In March, the Financial Action Task Force [FATF] issued draught recommendations on the risk-based approach to virtual properties. This recently drafted guideline emphasises the importance of anti-money laundering and know your customer [KYC] laws for not only stablecoins but also decentralised finance [DeFi] and non-fungible token [NFT] funds.
The FATF has been working to develop a regulatory standard for crypto services, and according to Dave Jevans, CEO of Cipher Trace, one of the six areas the guideline aims at is virtual asset service providers [VASP].
In an interview with Laura Shin, Jevans noted:
“The first is what is a virtual asset and what is it that we call “virtual asset service provider”. So, what’s a VASP? I think that’s a broad area that we need to focus on as far as DeFi and DeFi providers, are things suddenly going to change where you have a whole new set of regulations applied to you because now you have become a VASP versus an information provider, an oracle provider- you’re running everything on smart contract.”
This is a major move forwards, since the FATF proposed and finalised this guideline almost two years ago. The Travel Rule described virtual asset service providers as businesses that pass funds in the form of cryptocurrency, such as crypto exchanges, and required businesses to provide KYC details for both the sender and the receiver of transactions.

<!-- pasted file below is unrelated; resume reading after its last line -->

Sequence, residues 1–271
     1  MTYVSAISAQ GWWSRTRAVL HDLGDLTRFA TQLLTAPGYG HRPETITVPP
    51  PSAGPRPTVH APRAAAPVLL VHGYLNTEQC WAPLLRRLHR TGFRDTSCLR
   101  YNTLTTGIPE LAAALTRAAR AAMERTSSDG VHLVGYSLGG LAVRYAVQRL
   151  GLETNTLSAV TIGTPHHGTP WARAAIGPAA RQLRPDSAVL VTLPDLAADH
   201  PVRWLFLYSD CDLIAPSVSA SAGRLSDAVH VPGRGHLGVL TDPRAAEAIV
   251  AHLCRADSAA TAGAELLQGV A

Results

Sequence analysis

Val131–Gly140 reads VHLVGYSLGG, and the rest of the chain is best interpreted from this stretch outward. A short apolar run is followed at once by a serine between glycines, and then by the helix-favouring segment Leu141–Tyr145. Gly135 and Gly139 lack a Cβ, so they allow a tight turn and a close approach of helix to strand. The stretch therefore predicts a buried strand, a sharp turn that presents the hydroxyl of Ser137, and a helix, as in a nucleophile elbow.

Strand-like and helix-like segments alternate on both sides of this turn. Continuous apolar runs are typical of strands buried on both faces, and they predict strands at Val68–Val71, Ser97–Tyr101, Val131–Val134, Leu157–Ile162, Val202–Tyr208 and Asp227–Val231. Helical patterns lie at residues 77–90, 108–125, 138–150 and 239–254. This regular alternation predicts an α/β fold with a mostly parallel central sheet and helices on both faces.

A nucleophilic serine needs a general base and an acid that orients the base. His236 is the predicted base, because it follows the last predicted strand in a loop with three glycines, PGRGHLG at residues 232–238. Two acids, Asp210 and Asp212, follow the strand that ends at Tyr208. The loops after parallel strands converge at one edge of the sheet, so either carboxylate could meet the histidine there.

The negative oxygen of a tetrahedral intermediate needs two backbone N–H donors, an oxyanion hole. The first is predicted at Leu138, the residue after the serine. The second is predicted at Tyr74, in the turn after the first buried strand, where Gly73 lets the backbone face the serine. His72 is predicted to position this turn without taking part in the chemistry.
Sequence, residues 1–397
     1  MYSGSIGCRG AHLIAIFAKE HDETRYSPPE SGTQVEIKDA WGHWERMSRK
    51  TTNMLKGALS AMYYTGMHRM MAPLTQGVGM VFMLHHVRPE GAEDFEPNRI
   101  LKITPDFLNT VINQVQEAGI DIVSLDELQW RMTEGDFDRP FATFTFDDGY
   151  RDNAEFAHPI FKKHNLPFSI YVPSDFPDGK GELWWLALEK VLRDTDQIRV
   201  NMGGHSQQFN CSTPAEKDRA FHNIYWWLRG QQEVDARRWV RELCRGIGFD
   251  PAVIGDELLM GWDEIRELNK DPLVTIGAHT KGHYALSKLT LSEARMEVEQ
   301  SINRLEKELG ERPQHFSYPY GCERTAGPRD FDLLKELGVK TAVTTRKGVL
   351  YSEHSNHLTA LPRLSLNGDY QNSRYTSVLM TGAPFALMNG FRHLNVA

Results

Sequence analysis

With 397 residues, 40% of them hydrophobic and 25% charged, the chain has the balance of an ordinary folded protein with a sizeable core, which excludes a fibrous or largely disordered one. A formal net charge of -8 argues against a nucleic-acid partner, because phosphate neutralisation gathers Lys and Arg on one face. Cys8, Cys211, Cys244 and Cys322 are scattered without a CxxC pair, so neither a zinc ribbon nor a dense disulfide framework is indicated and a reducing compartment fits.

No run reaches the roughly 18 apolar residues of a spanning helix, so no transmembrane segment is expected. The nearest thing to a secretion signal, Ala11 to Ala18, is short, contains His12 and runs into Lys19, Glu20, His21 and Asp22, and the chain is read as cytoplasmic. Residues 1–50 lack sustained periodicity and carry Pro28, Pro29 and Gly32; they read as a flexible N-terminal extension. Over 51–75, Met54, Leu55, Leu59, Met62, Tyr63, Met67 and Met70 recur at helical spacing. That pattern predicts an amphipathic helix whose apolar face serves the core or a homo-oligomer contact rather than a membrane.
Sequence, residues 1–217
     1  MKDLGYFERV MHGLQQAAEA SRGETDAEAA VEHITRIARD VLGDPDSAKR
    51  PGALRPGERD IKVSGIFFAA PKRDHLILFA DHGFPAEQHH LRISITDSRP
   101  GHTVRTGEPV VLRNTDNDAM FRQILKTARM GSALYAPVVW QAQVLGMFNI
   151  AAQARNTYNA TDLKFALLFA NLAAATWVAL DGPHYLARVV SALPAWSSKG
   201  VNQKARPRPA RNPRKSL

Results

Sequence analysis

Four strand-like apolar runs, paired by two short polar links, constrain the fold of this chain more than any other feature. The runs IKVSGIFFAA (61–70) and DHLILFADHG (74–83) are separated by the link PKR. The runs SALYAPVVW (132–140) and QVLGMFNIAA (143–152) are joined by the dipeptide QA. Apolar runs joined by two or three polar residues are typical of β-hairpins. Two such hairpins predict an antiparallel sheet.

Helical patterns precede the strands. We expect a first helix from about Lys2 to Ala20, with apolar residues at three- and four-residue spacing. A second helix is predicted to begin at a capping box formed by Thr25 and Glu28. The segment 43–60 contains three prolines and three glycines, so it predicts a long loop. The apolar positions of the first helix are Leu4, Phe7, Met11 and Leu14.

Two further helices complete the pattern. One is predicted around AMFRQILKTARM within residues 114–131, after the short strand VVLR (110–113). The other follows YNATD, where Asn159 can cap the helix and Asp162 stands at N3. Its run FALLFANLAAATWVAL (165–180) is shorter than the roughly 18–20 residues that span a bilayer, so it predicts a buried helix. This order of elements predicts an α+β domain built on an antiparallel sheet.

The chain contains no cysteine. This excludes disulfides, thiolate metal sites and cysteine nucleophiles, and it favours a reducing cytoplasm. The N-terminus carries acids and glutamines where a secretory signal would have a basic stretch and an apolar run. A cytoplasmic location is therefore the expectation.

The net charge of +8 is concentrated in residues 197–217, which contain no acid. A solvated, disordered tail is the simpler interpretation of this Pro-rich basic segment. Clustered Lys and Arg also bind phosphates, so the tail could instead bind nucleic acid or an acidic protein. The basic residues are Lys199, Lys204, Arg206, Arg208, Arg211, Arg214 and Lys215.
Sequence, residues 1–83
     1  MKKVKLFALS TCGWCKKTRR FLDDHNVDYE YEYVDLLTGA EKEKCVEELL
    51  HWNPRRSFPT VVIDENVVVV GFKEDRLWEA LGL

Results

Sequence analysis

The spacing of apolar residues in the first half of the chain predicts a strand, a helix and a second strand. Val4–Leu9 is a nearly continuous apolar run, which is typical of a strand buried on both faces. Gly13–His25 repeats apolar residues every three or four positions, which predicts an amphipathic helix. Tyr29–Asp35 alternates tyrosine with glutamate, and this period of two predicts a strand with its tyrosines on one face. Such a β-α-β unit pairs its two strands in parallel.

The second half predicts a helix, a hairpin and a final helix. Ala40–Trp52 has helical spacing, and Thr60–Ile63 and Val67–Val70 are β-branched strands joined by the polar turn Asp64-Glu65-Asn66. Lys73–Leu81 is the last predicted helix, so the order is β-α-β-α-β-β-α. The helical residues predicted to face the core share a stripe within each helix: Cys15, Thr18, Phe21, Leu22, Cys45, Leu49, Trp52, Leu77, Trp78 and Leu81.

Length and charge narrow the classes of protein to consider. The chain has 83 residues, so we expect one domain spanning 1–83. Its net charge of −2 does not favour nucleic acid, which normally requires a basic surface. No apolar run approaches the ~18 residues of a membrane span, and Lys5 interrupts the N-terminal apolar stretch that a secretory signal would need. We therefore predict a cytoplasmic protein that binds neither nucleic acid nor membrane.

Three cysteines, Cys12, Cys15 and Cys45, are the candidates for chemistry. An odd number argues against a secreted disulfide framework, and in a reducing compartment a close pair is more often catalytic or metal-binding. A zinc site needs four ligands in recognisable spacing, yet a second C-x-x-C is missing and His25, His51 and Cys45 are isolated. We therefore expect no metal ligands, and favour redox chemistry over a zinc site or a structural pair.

Many large exchanges have closed their doors due to a lack of enforcement now that countries are starting to enforce these rules.
As the field of DeFi and NFTs grew in popularity, the FATF revised its guidelines to reflect this. If finalised, the study would force countries to insure that DeFi networks have a kind of KYC rules to follow, even if there is no single entity in charge of a live network. Jevans continued:
“It is not attempting to regulate software but those who develop software and gain a benefit from it later whether it’s directly through transaction fees or indirectly through the price of a coin going up that they used to pay for fees and things of that nature, would potentially fall under the umbrella of VASP, which would broadly cover pretty much every DeFi product.”
Since the DeFi space is already evolving, the new guidance will play a critical role in shaping the future of numerous DeFi initiatives. According to reports, Gibraltar has revised its guidance notes to comply with FATF regulations, and South Africa has done the same. When countries follow the new standards, DeFi providers will have to work out how to comply with the regulations while remaining decentralised.
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